I will not complete this goal. There are a many Hitchcock movies left to see but I have lost interest and have more important things to do.
ambler has written 22 entries about this goal
a good one… although the soundtrack is overbearing at times. As if the transition from silent film has not quite succeded.
This was one of the better Hicthcock efforts from his earlier years. Lots of Hitchcock patents in here..
Stars high pitched Joan Berry, a transitional film with influences of the dying silent screen age and the neo sound industry. Today, is worth more for its historical position than entertainment value.
One of Hitchcock’s more pedestrian efforts..
Edmund Gwenn stole most scene’s he was in and was one of the few bright spots in the movie.
A screen adaptation of a very successful Irish play written by Sean O’Casey. Introducing Barry Fitzgerald in his first movie, and starring Maire O’Neill, Edward Chapman and Sara Allgood.
Hitchcock treated this screenplay with a lot of respect omitting many of his ususal tricks to plot and scenes in most of his work. I enjoyed the story and was intrigued by the historical theme throughout the film.
In the US this movie was renamed The Girl Was Young. Starring Nova Pilbeam, Derrick De Marney, and John Longden. The change from silent to talkies greatly improves the cinematic experience and adds another dimension to the depths of Hitchcocks films.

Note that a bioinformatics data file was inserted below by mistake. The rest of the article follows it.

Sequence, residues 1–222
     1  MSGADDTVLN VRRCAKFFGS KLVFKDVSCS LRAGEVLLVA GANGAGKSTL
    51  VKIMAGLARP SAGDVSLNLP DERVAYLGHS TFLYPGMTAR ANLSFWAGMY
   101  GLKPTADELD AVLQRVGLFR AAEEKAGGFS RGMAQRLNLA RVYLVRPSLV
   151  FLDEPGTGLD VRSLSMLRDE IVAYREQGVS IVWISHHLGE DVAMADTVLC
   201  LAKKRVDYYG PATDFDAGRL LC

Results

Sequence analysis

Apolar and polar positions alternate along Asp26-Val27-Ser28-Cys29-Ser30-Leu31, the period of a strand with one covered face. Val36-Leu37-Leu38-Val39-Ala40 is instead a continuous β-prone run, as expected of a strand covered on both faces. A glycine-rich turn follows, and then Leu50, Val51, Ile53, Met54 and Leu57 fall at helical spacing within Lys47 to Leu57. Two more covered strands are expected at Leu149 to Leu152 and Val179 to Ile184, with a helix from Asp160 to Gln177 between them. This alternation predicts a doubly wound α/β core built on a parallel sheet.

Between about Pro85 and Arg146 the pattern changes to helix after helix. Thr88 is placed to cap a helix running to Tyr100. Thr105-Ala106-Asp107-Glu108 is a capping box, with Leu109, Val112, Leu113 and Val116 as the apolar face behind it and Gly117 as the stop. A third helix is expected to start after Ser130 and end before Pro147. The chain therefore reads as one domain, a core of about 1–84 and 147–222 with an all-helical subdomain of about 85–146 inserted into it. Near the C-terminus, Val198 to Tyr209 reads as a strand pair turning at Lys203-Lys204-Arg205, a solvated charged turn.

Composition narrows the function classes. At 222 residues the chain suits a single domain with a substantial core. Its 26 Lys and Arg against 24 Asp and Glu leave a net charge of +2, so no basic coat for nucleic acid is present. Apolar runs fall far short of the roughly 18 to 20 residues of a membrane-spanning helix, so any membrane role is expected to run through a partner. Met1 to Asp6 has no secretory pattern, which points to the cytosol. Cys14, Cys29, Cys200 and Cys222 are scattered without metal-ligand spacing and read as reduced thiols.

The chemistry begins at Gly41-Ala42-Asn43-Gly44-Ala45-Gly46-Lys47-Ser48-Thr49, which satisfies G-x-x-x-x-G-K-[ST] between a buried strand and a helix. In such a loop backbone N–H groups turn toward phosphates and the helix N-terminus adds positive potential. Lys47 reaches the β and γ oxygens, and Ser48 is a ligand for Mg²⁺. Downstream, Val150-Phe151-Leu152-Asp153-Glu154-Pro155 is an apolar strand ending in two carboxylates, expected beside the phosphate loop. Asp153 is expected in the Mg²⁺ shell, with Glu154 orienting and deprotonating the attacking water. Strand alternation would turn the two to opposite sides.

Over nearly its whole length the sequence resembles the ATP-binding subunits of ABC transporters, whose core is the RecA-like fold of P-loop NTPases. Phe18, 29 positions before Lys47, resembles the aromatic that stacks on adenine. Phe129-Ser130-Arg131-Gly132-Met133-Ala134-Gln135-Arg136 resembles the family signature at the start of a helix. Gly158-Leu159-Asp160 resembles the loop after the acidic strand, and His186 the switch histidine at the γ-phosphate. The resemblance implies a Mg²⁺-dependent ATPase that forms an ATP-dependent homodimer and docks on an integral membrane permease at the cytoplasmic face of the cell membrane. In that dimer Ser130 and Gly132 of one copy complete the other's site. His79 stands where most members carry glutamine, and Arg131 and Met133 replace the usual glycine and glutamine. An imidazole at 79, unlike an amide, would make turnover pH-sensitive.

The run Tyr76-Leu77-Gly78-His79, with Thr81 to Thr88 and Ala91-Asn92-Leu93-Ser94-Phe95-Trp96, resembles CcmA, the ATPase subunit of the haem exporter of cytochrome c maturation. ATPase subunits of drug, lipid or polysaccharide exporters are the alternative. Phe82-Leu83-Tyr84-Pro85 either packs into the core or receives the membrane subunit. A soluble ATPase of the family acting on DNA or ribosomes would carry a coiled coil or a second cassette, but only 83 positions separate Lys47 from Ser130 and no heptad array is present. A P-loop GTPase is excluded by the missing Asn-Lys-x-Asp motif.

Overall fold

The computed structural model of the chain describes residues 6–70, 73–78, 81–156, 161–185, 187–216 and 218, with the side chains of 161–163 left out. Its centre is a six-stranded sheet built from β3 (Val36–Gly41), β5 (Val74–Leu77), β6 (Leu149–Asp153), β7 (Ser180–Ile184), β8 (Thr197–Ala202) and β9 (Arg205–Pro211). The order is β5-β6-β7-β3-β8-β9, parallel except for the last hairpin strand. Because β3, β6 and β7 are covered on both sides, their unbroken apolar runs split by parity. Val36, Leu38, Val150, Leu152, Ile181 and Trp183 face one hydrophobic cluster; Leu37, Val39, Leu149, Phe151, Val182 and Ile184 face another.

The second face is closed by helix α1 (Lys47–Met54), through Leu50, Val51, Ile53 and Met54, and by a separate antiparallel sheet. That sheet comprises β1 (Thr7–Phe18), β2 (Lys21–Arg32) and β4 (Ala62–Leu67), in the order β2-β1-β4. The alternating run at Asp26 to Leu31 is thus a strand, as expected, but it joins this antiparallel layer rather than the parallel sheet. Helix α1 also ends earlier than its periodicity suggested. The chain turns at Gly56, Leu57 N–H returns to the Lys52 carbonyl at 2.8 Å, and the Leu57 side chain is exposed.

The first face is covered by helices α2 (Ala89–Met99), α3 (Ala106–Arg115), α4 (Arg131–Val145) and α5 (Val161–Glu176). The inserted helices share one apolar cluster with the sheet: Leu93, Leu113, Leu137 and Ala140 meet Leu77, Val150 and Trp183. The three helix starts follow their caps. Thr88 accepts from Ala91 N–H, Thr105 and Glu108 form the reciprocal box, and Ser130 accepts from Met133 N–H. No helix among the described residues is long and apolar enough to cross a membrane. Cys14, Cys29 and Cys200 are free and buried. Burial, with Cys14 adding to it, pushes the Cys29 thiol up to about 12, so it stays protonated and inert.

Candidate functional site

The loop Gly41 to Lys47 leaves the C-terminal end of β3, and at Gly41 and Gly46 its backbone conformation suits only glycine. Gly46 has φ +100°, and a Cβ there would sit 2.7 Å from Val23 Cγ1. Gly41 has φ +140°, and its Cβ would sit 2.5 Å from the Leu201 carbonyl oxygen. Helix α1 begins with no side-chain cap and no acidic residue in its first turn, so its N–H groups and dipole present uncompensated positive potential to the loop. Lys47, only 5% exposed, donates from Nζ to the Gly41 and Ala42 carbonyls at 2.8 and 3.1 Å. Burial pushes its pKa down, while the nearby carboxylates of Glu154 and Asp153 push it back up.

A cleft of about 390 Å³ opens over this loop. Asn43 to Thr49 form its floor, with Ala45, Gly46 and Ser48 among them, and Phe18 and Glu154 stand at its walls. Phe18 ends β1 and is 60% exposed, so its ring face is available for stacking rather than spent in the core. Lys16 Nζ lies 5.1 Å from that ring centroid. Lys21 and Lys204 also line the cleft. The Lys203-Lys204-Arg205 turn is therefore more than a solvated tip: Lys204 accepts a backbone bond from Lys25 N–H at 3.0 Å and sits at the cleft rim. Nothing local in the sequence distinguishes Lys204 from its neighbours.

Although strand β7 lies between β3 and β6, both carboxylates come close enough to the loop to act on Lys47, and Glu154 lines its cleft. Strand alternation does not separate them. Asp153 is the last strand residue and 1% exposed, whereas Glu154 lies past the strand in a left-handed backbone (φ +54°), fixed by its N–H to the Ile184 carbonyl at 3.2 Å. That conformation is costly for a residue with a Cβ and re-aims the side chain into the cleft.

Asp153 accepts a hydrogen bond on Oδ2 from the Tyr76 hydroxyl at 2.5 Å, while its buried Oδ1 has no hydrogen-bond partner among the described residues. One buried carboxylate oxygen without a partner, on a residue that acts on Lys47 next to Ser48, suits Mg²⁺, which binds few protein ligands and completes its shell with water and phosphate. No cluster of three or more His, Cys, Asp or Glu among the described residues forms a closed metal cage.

The only movie that Hitchcock would receive a full writing credit. Starring Carl Brisson and Lillian Hall-Davis. About the only bad thing I can say about any of the Hitchcock movies is the soundtrack on the silent movies doesn’t enhance or even at times seem appropriate for the film… It is like the music is to break up the silence of the silent film and create added interest.. I will say that I think at the infancy of the film industry people like Hitchcock were more concerned with developing a story and creative ways to shoot particular scenes and had no idea how important music was to a movie….
Hitchcock calls this the first “Hitchcock” movie. Even if he is credited with two releases prior to “The Lodger”. I enjoyed this one alot. The story is loosely based on Jack the Ripper and utilizes the famed London Fog for added mystery and suspense. Starring June Tripp as Daisy Bunting, Ivor Novello the Lodger, Malcolm Keene as the ex-boyfriend, jealous cop.
starring Charles Laughton and Introducing Maureen O’Hara. Maureen O’Hara lights up the black and white screen in a lively and spirited movie of suspense and intrigue. Apparently, the Inn is actual place still in use today. I will put the Jamaica Inn on the list of places to visit if I ever get back to Merry old England..
ambler has gotten 34 cheers on this goal.
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